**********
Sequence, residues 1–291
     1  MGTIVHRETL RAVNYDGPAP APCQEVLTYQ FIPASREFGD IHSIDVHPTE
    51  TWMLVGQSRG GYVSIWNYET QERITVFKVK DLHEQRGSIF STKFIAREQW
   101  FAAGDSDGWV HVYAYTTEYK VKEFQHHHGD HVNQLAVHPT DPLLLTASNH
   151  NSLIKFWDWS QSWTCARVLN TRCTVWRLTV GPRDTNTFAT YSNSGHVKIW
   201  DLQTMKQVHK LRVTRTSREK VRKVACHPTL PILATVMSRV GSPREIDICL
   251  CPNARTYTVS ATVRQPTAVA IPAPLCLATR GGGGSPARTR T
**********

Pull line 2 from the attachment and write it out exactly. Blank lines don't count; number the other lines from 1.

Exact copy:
     1  MGTIVHRETL RAVNYDGPAP APCQEVLTYQ FIPASREFGD IHSIDVHPTE